Protecting Your Garden from Deer, Bunnies, and Hungry Critters

A lush, thriving garden is a testament to hard work and dedication, but it can quickly become a feast for hungry critters like deer and bunnies. If you've ever awoken to find your precious plants decimated, you know the frustration. Fortunately, there are several effective strategies to keep these creatures at bay while preserving the beauty of your garden. 

1.Fencing and Barriers: Fencing is one of the most reliable methods to deter deer, rabbits, and other wildlife from your garden. A sturdy fence should be at least 7-8 feet tall for deer and buried several inches underground to prevent digging. For rabbits, a fence about 2-3 feet high is usually sufficient. To make your garden even more critter-proof, consider adding netting or mesh over the top to discourage birds and smaller pests.

2. Repellents: There are a variety of animal repellents available on the market that can help protect your garden. These products typically use scents or tastes that animals find unappealing. Spray or scatter them around your plants, following the product's instructions carefully. Some repellents are specific to certain animals, so make sure to choose the right one for your needs. We suggest using Plant Saver or Plantskydd, which can be purchased from Arborista here.  

3. Native and Deer-Resistant Plants: Opting for native plants is a great start to making your garden less appealing to deer and other wildlife. Native plants have evolved alongside local animals, so they are often less attractive as food sources. Additionally, consider selecting plants known for their deer-resistant properties. These species may have natural characteristics that deter deer, such as thorny leaves or strong scents. By incorporating both native and deer-resistant plants into your garden, you can create an environment that is less tempting to hungry critters while still enjoying a beautiful landscape that thrives in your region's climate and soil conditions. 


8. Pets and Scents: Having a dog or cat can deter wildlife from entering your garden. Their presence, along with their scent, often keeps critters away. If you don't have a pet, consider using predator urine (commercially available) to mimic the presence of a potential threat.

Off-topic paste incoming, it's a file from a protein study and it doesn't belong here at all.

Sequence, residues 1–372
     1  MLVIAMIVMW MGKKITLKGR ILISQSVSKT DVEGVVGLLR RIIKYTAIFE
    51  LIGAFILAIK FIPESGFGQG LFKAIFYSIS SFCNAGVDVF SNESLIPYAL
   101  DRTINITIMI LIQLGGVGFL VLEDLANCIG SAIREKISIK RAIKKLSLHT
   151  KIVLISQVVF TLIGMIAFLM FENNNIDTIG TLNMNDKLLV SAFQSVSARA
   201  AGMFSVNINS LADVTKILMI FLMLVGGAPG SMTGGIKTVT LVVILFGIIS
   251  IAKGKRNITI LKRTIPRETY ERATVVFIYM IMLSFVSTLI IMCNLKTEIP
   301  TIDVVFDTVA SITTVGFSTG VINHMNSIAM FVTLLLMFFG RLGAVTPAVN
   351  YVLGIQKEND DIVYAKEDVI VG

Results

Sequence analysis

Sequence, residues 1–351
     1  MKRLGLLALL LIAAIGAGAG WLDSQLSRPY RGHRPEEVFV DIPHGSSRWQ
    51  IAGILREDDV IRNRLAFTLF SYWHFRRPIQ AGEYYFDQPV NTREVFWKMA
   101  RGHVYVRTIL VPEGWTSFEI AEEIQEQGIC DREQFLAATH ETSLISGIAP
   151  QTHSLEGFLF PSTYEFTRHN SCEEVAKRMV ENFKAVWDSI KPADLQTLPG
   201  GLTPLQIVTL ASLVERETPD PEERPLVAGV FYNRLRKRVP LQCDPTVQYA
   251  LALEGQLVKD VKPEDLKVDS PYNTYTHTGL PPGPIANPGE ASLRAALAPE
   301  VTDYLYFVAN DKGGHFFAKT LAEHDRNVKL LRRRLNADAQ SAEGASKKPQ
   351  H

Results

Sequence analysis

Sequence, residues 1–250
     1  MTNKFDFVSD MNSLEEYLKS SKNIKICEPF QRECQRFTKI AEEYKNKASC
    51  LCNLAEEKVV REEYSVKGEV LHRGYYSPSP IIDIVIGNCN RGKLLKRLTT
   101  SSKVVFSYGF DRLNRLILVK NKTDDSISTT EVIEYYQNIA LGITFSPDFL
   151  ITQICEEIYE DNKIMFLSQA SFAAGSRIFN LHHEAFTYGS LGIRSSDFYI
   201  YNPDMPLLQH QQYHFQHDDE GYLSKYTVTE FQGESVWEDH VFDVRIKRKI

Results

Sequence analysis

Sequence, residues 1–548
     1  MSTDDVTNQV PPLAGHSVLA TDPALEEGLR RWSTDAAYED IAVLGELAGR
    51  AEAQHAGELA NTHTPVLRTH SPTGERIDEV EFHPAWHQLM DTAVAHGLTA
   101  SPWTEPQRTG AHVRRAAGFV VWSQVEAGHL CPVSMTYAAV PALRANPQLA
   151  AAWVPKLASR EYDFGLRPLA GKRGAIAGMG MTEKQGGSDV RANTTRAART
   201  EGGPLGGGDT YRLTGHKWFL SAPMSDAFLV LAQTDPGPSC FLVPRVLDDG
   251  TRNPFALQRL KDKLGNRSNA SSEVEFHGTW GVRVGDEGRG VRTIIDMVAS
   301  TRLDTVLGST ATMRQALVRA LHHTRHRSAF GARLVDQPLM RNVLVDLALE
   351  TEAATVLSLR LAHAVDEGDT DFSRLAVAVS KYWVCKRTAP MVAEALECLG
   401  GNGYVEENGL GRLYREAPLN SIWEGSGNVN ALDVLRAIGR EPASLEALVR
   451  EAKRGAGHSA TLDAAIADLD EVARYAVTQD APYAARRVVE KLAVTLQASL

9. Reposition Bird Feeders: If you have bird feeders, ensure they are placed away from your garden. Seeds and grains from bird feeders can attract unwanted critters. Regularly clean up any spilled birdseed to avoid unintentionally luring them closer. 


In the battle to protect your garden from deer, bunnies, and other hungry critters, it's often necessary to employ a combination of these strategies. By being proactive and persistent, you can enjoy a beautiful and bountiful garden without sacrificing it to wildlife. Remember to choose methods that align with your gardening goals and the specific critters you're dealing with, and you'll be well on your way to a garden that thrives, undisturbed by hungry visitors. 

4. Scare Tactics: Scaring critters away can be an effective short-term solution. Consider installing motion-activated sprinklers, lights, or noise-making devices that startle animals when they approach. You can also try placing reflective objects, like aluminum foil strips or old CDs, around your garden to deter them. 

5. Companion Planting: Certain plants can repel or distract animals when strategically placed in your garden. For instance, marigolds and garlic are known to deter rabbits, while lavender and rosemary can discourage deer. Planting these species alongside your more vulnerable plants can help protect them. 

6. Elevated Gardens: If you're dealing with ground-dwelling critters like rabbits, consider raised or elevated garden beds. These are harder for animals to access, providing a natural barrier to protect your plants. Plus, they can make gardening easier on your back! 

7. Regular Maintenance: Don't underestimate the power of regular garden maintenance. Keep your garden clean and tidy by removing fallen fruit, trimming overgrown vegetation, and keeping weeds at bay. This reduces hiding spots for critters and makes your garden less inviting.